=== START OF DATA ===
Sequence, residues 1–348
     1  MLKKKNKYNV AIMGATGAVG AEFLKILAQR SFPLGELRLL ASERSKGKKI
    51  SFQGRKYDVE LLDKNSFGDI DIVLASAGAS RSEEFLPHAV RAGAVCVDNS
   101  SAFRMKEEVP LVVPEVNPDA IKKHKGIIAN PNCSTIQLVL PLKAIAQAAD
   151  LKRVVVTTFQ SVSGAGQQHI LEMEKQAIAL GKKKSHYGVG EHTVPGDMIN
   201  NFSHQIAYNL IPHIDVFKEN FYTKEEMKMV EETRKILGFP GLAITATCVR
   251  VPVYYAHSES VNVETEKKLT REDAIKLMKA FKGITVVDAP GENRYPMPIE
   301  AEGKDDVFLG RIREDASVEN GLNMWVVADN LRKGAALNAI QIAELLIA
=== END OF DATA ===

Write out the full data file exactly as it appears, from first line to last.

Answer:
Sequence, residues 1–348
     1  MLKKKNKYNV AIMGATGAVG AEFLKILAQR SFPLGELRLL ASERSKGKKI
    51  SFQGRKYDVE LLDKNSFGDI DIVLASAGAS RSEEFLPHAV RAGAVCVDNS
   101  SAFRMKEEVP LVVPEVNPDA IKKHKGIIAN PNCSTIQLVL PLKAIAQAAD
   151  LKRVVVTTFQ SVSGAGQQHI LEMEKQAIAL GKKKSHYGVG EHTVPGDMIN
   201  NFSHQIAYNL IPHIDVFKEN FYTKEEMKMV EETRKILGFP GLAITATCVR
   251  VPVYYAHSES VNVETEKKLT REDAIKLMKA FKGITVVDAP GENRYPMPIE
   301  AEGKDDVFLG RIREDASVEN GLNMWVVADN LRKGAALNAI QIAELLIA